In A.V. v. iParadigm, LLC, 562 F. 3d 630 (4th Cir. 2009), the court held that a plagiarism detection service, that copied entire student articles into its database, per agreement with academic institutions, and used those papers to detect plagiarism, engaged in transformative fair use of the student papers. The court observed that "the use of a copyrighted work need not alter or augment the work to be transformative in nature. Rather, it can be transformative in function or purpose without altering or actually adding to the original work. Id, at 639, citing Perfect 10, Inc. v. Amazon.com, Inc., 508 F.3d 1146, 1165 (9th Cir. 2007).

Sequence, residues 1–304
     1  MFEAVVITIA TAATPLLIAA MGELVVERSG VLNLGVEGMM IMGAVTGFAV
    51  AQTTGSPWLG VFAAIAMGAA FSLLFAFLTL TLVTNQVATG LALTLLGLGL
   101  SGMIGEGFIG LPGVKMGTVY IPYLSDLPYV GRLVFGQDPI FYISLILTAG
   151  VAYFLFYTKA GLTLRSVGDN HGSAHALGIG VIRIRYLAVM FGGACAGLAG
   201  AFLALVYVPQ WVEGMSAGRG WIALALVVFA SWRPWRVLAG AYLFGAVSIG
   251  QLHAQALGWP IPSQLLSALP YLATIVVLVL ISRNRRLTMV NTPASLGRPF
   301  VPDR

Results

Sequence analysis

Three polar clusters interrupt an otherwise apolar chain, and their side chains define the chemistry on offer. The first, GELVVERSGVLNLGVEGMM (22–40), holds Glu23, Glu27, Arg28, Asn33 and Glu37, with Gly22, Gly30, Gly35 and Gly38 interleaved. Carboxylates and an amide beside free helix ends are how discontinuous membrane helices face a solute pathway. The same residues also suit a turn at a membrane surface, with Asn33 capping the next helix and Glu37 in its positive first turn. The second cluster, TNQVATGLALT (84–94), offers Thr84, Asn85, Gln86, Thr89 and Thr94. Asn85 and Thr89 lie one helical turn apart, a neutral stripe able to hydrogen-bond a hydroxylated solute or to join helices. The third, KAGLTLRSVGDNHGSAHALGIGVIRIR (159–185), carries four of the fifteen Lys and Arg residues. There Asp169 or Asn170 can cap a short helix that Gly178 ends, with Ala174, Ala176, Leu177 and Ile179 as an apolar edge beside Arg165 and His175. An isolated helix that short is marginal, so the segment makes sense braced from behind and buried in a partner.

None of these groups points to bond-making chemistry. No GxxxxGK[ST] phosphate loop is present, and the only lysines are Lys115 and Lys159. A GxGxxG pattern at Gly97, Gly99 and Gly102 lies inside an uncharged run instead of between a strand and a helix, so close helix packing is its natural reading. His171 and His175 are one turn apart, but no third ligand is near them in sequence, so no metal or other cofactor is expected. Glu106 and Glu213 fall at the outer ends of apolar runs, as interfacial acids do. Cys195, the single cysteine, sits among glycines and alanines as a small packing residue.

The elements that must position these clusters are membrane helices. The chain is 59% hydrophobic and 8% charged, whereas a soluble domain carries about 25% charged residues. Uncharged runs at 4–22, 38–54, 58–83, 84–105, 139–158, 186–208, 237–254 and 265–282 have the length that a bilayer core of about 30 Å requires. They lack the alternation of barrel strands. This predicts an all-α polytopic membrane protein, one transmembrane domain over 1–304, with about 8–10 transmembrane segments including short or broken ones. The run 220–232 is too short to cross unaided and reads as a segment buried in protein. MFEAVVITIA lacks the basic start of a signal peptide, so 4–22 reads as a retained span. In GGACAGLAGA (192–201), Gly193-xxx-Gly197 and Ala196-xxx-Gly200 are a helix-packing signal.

In contrast to these cases, courts have held that where a new use satisfies the same purpose as the original, there is no transformative use. Thus, in Ringgold v. Black Entertainment Television, Inc., 126 F.3d 70, 78-79 (2d Cir. 1997), the court held that use of a copyrighted quilt as background décor in a television show without the copyright owner's permission, was not a transformative use. The television show used the quilt for its original, decorative purpose. Id, at 79. In Infinity Broad. Corp. v. Kirkwood, 150 F. 3d 104 (2d. Cir. 1998), the court held that a contemporaneous telephone transmission of radio broadcasts, that enabled remote listeners to listen to the radio broadcast, was not transformative. In Castle Rock Entm 't v. Carol Publ'g, 150 F.3d 132, (2d. Cir.1998), a trivia book that borrowed 643 fragments from the television show Seinfeld and used "original protectable expression" and close paraphrases from the show in creating trivia questions did not use the underlying work in a transformative manner. The court noted that the purpose of the trivia book was to "repackage Seinfeld to entertain Seinfeld viewers." Id, at 142. In Video Pipeline, Inc. v. Buena Vista Home Entertainment, Inc., 342 F. 3d 191, (3rd Cir. 2003)(cert. denied, Video pipeline, Inc. v. Buena Vista, 540 U.S. 1178), Video Pipeline copied two minute video clips from Disney movies and sold these clips as streams to online video retailers. The retailers permitted their customers to watch these clips to help them make purchasing decisions. The court observed that the clips shared the same purpose as trailers created by Disney, Disney's derivative works. Id, at 198. The court therefore found that the clips "supersede[d] the objectives of the derivatives." Id.